PageSpeed Insights: Google’s Highly Misunderstood Diagnostic Tool

Get a simple and in-depth explanation about PageSpeed Insights, how it works, and how it differs from performance metrics like Core Web Vitals.

PageSpeed Insights is the most misunderstood website performance testing tool on the planet. Yes, the interface is simple, but there’s a lot going on in the small print that can dramatically change what the report actually means in terms of WordPress performance.

In this article, I’ll walk you through every component of the PageSpeed Insights report. I’ll explain what each section of the report means, what impact it has on Core Web Vitals, if any, and how to turn the report results into real actions that will improve your website speed.

Understanding PageSpeed Insights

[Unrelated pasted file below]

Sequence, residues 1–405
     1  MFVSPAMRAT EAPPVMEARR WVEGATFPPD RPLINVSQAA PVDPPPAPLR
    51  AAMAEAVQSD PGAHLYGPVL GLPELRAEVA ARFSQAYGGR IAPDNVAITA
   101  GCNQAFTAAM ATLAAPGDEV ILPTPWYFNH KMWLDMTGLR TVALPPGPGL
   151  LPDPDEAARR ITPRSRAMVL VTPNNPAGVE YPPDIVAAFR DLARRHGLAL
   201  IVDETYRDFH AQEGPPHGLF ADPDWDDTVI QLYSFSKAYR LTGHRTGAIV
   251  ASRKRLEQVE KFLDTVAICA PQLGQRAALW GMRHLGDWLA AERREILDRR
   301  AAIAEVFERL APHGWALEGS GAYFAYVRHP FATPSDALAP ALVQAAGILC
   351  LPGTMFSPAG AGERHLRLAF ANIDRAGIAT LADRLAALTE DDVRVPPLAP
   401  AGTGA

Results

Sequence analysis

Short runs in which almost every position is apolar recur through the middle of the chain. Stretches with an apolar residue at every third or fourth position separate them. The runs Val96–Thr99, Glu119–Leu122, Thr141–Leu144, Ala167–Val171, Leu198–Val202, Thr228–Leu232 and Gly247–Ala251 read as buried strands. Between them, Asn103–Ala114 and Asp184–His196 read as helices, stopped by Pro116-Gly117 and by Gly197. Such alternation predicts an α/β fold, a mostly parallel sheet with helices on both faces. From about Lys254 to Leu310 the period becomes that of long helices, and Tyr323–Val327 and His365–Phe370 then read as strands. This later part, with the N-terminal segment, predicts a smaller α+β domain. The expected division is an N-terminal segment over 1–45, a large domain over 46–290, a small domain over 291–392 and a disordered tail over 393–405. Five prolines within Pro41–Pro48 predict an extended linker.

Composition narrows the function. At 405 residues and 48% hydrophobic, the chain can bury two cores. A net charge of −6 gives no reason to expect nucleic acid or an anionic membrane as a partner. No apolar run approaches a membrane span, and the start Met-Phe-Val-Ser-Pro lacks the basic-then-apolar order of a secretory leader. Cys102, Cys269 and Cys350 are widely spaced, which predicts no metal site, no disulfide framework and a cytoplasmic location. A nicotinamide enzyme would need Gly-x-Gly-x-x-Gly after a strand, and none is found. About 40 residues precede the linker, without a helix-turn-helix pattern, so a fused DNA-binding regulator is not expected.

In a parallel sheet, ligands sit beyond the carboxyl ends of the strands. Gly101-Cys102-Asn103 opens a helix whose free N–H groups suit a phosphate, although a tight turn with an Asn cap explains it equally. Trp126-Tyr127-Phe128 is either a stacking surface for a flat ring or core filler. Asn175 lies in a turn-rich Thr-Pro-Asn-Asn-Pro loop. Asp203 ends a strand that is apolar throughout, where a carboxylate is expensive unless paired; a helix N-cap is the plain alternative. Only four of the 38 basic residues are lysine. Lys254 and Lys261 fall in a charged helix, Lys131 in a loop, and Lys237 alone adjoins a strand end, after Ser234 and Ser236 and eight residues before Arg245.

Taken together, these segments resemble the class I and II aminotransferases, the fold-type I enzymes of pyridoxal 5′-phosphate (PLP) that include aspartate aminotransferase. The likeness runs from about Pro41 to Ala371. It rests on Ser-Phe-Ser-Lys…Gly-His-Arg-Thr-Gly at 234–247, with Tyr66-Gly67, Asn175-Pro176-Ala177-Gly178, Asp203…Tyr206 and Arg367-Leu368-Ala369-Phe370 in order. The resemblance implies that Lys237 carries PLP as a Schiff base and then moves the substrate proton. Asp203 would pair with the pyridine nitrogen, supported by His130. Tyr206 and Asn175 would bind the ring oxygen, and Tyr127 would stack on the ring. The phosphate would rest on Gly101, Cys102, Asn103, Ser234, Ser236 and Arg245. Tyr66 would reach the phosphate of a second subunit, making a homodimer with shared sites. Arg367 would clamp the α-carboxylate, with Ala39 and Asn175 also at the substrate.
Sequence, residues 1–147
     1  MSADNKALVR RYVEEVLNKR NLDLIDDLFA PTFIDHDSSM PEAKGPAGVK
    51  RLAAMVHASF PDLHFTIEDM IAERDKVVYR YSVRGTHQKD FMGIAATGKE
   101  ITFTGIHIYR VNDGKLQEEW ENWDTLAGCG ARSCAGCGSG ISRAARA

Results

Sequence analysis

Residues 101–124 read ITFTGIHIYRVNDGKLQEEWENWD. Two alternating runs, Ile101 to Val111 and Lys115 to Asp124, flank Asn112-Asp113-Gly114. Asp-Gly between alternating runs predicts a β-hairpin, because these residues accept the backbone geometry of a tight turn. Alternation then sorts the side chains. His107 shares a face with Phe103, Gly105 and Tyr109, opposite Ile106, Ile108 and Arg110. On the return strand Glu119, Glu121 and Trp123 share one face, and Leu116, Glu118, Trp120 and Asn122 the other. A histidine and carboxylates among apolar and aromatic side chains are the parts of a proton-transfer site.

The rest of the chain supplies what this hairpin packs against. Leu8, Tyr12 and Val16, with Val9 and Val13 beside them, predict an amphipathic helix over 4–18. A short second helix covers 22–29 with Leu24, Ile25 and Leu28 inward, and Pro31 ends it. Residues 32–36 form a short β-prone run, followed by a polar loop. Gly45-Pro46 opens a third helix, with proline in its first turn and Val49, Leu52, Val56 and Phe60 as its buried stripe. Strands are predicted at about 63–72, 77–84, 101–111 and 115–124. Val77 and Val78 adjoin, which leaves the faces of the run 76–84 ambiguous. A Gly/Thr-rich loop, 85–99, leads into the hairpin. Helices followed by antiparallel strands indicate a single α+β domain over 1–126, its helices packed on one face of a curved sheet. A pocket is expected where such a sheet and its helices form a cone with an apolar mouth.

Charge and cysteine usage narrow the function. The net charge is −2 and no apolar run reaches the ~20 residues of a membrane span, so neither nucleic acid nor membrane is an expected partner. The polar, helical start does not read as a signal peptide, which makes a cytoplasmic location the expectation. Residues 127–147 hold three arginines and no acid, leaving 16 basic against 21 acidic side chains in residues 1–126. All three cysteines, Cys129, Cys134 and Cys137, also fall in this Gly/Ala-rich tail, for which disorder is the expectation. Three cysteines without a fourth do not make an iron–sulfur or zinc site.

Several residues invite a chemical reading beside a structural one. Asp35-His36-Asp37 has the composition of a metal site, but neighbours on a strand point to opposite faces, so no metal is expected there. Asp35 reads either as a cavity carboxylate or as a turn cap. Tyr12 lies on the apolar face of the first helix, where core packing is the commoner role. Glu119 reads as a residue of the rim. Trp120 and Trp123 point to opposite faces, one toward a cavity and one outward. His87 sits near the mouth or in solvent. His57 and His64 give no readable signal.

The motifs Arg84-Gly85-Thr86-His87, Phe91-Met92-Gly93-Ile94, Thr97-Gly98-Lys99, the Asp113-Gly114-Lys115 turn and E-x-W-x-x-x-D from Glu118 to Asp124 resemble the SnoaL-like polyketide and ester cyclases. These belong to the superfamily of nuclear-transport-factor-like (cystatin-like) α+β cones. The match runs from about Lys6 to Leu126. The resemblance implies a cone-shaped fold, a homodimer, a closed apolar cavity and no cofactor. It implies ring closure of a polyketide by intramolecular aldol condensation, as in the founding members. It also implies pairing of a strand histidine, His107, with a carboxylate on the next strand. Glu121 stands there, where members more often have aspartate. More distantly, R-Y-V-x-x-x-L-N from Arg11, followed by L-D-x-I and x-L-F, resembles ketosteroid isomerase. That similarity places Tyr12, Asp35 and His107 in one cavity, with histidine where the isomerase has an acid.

Developed by Google, PageSpeed Insights is a free tool that analyzes your website’s performance and user experience. Simply enter your website address and click “Analyze.” The tool then scans your website’s code, identifying areas for improvement and providing specific recommendations to optimize speed and user experience.

Screenshot of the Google PageSpeed Insights homepage.
Click the image to perform a PageSpeed Insights test

The tool is meant to measure overall performance as well as key user experience metrics that are part of Google’s Core Web Vitals. It’s useful to give a quick snapshot of a single point in time but it almost never paints a complete picture. We’ll cover more on this later.

Common misconceptions about PageSpeed Insights

We make a lot of assumptions about what PageSpeed Insights is and isn’t, so I’ll set the record straight. Here are some of the most common misconceptions about PageSpeed Insights:

Myth #1: PageSpeed Insights is the most important performance metric